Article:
Rugby, religion and a $10 million dollar lawsuit

Rugby, religion and a $10 million dollar lawsuit June 7, 2019
Image via YouTube

SACKED Australian rugby player Israel Folau is seeking up to $10 million in damages, claiming that he had been punished by Rugby Australia for his religious beliefs.

Folau has engaged eminent lawyer Stuart Wood QC, an industrial relations expert and the head of employment law at Macpherson Kelley, George Haros, who has represented Australian basketballer Liz Cambage in employment matters.

Excerpts of court documents say that Folau will seek a declaration that his employment was unlawfully terminated because of his religion and that he will make a compensation/damages claim.

It’s alleged that the termination has cost  Folau the best years of his rugby career, participation at the Rugby World Cup, the chance to become the greatest Wallaby try-scorer (a decades-old record he was likely to break), and the associated exposure and opportunities.

As well as around $5 million in lost salary, Folau will claim a sum in respect of the loss of these opportunities (renewal of contract, sponsorships, etc). The damages will be particularised in due course, but will be substantial. In addition, Folau will seek civil penalties.

A statement released by Folau’s team said he would challenge his sacking under section 772 of the Fair Work Act, which prohibits an individual’s employment being terminated on the basis of religion. If the parties cannot reach a resolution in the Commission, his claim may go to the Federal Court.

The message at the heart of the controversy is still on Folau’s Instagram account. Image via YouTube.

The 73-Test Wallaby’s four-year contract was torn up on May 20 after a three-person independent panel found his April 10 Instagram post – proclaiming homosexuals, among other groups, would go to hell – amounted to a high-level breach of the code of conduct.

RA said in a statement the issue was about an employee refusing to honour the contract he signed.

He was bound by a code of conduct for all professional players in Australia that spells out clear guidelines and obligations regarding player behaviour, including respectful use of social media.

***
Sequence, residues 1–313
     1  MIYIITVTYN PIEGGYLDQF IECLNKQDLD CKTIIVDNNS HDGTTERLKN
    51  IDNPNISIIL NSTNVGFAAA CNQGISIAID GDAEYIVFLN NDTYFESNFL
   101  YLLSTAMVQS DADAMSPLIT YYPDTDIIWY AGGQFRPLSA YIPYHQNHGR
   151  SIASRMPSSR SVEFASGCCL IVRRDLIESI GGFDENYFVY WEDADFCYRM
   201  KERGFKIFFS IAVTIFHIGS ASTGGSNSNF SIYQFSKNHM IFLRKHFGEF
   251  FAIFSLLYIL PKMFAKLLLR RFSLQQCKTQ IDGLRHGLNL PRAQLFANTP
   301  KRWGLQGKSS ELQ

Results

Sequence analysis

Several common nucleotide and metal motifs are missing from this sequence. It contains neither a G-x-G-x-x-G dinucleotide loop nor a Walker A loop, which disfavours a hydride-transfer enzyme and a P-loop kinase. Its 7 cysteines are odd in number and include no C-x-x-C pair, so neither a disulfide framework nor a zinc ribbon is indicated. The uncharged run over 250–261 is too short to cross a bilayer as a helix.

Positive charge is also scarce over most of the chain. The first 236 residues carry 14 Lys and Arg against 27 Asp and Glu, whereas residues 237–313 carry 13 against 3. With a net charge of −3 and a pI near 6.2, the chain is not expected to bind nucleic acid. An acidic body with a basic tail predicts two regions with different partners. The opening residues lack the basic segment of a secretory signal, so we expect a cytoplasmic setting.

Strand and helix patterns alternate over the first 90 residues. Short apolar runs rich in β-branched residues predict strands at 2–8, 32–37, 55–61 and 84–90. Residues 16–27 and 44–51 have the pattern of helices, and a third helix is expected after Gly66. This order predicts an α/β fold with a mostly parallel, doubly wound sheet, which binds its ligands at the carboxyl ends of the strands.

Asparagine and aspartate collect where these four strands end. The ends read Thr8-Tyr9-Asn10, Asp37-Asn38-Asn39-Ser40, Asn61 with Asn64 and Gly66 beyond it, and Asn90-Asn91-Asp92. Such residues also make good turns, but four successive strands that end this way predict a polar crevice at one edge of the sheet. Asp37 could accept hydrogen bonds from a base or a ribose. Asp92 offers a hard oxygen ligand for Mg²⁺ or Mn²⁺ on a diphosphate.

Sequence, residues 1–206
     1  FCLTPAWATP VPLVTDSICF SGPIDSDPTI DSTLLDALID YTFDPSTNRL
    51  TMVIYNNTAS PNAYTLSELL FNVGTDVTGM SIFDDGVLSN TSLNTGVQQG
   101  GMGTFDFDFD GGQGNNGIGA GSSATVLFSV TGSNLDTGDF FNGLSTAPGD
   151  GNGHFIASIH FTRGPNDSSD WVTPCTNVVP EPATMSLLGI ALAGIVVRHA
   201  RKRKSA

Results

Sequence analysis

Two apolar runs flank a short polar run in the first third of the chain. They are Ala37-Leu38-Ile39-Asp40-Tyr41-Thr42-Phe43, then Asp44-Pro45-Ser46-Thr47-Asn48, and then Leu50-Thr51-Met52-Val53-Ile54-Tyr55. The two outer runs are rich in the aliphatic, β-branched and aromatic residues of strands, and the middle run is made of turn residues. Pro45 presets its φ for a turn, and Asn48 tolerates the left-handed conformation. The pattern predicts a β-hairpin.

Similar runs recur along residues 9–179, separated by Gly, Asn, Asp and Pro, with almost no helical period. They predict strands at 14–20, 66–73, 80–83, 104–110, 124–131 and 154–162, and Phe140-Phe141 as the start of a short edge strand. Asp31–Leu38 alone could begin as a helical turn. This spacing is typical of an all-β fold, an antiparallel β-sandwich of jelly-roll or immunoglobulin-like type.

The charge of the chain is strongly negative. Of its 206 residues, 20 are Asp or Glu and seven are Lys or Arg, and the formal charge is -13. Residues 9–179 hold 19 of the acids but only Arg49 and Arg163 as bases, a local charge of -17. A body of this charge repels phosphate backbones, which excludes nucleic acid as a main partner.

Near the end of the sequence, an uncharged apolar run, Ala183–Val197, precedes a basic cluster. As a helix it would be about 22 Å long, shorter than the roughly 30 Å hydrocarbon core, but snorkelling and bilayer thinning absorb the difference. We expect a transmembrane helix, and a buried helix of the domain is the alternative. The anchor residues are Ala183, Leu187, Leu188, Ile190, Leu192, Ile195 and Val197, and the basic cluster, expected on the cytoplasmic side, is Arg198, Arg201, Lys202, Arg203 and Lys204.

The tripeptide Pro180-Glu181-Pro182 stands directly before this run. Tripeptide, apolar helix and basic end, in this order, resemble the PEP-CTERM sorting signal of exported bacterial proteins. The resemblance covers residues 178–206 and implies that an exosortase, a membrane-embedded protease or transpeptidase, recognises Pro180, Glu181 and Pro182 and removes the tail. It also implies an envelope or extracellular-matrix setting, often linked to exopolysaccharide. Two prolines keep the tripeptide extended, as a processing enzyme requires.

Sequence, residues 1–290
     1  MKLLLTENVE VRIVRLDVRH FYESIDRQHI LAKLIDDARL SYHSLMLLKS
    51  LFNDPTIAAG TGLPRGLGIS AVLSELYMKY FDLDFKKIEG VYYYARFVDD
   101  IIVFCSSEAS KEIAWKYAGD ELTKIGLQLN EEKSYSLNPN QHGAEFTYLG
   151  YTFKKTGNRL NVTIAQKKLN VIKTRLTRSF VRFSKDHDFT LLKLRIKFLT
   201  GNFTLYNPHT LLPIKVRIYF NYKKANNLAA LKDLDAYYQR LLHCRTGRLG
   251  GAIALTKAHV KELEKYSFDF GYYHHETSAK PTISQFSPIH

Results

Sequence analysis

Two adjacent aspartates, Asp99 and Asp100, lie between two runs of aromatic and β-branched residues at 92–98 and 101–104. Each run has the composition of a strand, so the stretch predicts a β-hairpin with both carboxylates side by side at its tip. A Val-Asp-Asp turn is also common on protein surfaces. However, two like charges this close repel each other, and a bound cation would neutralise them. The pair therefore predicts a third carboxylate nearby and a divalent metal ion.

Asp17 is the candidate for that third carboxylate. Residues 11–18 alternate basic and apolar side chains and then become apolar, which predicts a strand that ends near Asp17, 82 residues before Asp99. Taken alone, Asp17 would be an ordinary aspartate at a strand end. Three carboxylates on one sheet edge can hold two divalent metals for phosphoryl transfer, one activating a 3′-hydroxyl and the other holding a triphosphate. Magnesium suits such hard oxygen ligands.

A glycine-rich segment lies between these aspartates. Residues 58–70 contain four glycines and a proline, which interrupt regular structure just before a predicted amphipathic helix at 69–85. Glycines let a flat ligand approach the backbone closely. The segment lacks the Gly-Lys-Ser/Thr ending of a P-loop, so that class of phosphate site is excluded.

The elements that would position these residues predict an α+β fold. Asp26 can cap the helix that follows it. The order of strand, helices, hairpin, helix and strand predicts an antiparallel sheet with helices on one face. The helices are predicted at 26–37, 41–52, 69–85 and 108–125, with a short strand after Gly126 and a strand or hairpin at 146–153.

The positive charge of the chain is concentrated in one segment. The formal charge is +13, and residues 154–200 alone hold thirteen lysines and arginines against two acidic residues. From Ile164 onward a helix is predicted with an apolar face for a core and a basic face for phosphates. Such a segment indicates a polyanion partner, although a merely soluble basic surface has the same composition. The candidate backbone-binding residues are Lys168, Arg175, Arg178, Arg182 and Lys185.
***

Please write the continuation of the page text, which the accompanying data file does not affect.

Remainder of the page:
An independent panel, having sat for 22 hours and heard testimony from several witnesses and reviewed over 1000 pages of evidence, determined that Israel’s conduct constituted a high-level breach of the code of conduct and ordered termination of his playing contract.

It is important to make clear that Rugby Australia and NSW Rugby did not choose to be in a position where they are forced to divert significant resources to defend the ongoing legal action taken by Israel, but his action leaves the game with no choice.

The issue is set to suck up the attention and budget of Rugby Australia for at least 12 months, potentially overshadowing a World Cup campaign. It is reportedly a battle without precedent in Australian sport.

In an earlier statement, Folau said he felt his treatment by RA and the Waratahs had left him no choice but to stand up for his beliefs.

I will forever be grateful and proud to have played the sport I love for our nation. Ours is an amazing country built on important principles, including freedom of religion. A nation made up of so many different faiths and cultural backgrounds will never be truly rich unless this freedom applies to all of us.

The messages of support we have received over these difficult few weeks have made me realise there are many Australians who feel their fundamental rights are being steadily eroded. No Australian of any faith should be fired for practising their religion.

Meanwhile, in another “religious freedom” case, a florist who refused to provide flowers for a gay couple’s wedding in 2013 has lost her appeal against a court ruling that said she violated Washington’s anti-discrimination laws.

The Washington State Supreme Court yesterday unanimously upheld its previous ruling that Baronelle Stutzman, above, was in violation the state’s laws regarding discrimination.

Attorney General Bob Ferguson said:

Washington state law protects same-sex couples from discrimination based on their sexual orientation, the same way it protects Washingtonians from discrimination based on their religion, veteran or military status, disability, race and other protected classes. I will continue to uphold these laws and fight to protect Washingtonians from discrimination.